Last night, I accidentally walked into a discussion between my husband and 2 of the children regarding how they could get me to move out so that my pregnant 24-year old and her boyfriend could move in and help my husband make the house payment without me. My 15 year old was involved in making suggestions.
I'm heart broken - and that's an understatement. I knew that taking a stand would be a gamble, but I never expected my children to be the ante. They've seen the abuse. They've all been hit before. They've seen him injure the dog before. They've begged me to stand my ground. And when I did I found myself totally on my own. I am devastated and horribly confused.
Don't be so confused. I think it is pretty clear. But don't waste your time fighting City Hall. Get out. Now. Get out of the role you have been cast in. When there is no more mom around to be the "bad guy," your husband will eventually begin spreading his anger out again. He will begin to give it to them. Your best bet is to get on with your life as best you can and to be there for them when and if the kids knock at your door. Don't ask them to take sides. Let them be mad. Let them shut you out. Just get on with your life and learn to take care of yourself. Unless they have moved firmly into abusive territory themselves, eventually they will come around. No guarantees.
And as long as they support his lie, he has become justified in escalating the abuse. Along with being tormented with yelling, name calling ("psychotic c***" - "f***ing b****"), door slamming, insults, etc he has threatened our financial situation by withholding his paychecks and more accusations have been concocted, and the kids are all backing up his lies as if they were witnesses. Get out of the line of fire.
Incredibly, my friends actually believe me regardless of the number of accusers. They are your friends. But extended family does not. Let it be. I have lost contact with my grandchildren and in-laws. Very sad. My pastor, my friends (even friends in common) and my brother (the only relative on my side of the family) all know I have not made up a single detail. Good. You have a support system. Be grateful and get on with the task of rebuilding your life. Right now, there are no other sane options.
I can not move out of the house although I have moved out of the bedroom. My employer spent several thousand dollars setting up a virtual office in my home. I have a 6 month obligation. To leave home would mean both losing my job and becoming liable for my employer's investment. Wrong. You are looking for excuses not to move out. Just take the virtual office with you. Besides, my experience in the past has shown me, that as long as I remain the focus of his anger, my 15 year old is pretty safe. Time to stop sacrificing yourself. She is no longer a child and she has made her choices. If I remove my self as a target, she may be put in legitimate danger. That is probably what it will take to clear up the sickness in your family. Let it be. A lot of good you do this kid by being the victim who's sold her out who won't give up victim role. It is time to get healthier and start modeling healthy adult behavior - so she can learn from you. I still love her even though I feel as though she has betrayed me. Good. Love her and love her enough to teach her how to love herself, by example. And I am terrified of putting her in a dangerous position by leaving. You keep things the same by staying. That is truly dangerous because it will only get worse. Besides, it will be twisted to demonstrate that I have "abandoned HIM", and will reinforce the rejection from my kids. No. Stop using the kids as an excuse since you are too frightened to stand up for yourself. Love yourself first. Do not allow abuse. Once you have done right by you, it is up to them to choose what tact they will take. I feel as though I'm damned if I do and damned if I don't. Not true. You are damned if you stay.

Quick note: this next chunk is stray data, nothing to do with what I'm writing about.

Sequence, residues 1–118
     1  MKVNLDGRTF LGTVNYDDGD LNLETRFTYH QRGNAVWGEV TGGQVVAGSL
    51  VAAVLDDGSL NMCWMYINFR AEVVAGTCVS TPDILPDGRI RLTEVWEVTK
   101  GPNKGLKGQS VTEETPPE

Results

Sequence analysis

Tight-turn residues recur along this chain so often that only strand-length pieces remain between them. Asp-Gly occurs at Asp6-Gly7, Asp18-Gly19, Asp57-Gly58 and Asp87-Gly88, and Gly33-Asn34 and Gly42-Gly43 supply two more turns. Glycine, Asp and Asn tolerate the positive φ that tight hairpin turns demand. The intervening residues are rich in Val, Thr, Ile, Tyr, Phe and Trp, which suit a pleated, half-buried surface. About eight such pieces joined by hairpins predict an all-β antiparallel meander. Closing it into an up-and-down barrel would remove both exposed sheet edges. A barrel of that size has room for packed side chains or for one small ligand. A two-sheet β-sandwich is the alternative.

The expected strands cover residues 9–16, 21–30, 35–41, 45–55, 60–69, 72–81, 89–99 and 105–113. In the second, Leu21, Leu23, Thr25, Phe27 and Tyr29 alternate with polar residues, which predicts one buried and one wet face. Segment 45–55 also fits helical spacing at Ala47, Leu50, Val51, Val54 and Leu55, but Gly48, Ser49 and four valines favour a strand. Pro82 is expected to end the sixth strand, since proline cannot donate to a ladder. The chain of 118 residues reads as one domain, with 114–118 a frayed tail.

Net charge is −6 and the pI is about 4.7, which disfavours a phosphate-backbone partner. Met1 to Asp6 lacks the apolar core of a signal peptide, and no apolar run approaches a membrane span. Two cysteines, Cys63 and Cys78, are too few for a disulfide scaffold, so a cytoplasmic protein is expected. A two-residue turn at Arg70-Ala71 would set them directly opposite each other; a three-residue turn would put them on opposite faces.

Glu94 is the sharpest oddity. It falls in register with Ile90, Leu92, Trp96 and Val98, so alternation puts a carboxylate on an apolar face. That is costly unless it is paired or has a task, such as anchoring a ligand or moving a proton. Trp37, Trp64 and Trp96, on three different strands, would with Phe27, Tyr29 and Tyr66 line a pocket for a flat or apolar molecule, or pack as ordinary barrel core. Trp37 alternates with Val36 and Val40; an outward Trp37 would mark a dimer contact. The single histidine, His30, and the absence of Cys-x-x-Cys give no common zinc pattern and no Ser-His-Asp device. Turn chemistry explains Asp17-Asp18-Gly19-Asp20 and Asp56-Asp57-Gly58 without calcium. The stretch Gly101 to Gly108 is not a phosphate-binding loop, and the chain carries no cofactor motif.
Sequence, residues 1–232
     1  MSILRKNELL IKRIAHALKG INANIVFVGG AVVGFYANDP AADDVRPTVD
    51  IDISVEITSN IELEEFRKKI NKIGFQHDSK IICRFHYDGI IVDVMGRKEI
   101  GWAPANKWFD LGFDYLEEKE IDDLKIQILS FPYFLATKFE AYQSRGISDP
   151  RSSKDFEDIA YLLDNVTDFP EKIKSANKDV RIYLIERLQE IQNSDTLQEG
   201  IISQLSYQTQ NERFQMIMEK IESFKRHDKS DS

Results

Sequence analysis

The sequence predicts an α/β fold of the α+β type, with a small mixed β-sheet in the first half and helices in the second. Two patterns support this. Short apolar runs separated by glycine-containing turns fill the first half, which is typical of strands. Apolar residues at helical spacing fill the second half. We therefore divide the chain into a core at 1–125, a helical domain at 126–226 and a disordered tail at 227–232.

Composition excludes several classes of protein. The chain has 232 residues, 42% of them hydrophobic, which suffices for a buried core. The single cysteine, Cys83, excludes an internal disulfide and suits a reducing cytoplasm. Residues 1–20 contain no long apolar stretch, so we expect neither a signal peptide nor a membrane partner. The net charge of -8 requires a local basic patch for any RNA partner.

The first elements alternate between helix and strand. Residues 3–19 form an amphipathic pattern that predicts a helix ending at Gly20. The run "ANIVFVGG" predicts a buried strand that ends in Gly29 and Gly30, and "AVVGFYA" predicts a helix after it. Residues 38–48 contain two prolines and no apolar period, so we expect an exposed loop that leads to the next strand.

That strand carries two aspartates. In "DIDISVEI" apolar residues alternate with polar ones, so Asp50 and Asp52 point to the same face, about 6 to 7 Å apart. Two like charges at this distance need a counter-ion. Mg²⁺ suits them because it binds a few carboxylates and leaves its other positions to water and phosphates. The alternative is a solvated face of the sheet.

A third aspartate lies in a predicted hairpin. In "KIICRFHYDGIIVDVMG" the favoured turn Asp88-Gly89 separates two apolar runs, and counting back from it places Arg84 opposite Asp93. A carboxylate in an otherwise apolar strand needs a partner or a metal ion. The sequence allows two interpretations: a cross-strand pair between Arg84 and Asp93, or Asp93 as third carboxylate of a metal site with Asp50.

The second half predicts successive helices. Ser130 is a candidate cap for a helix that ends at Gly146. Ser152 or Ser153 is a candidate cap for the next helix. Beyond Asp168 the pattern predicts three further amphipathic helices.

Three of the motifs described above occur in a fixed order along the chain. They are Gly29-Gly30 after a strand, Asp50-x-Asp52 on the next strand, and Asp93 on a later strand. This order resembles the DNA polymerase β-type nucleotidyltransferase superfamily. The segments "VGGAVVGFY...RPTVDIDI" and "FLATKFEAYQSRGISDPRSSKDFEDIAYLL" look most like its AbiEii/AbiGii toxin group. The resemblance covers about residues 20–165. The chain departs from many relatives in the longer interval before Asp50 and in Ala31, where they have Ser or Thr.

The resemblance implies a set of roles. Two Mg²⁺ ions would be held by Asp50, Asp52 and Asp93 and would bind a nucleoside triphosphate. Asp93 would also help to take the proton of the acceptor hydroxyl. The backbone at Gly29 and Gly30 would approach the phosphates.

Is there anyone out there who has experienced such irrational and devastating behavior from their children? How do I cope with this? The abuse is difficult, but tolerable. I know how to bite my tongue, endure the words and save the tears for later in private. If he becomes violent, bruises and broken bones will heal. But the abandonment by my children is destroying me. Is there help and hope for my situation?
I would like to read what was submitted.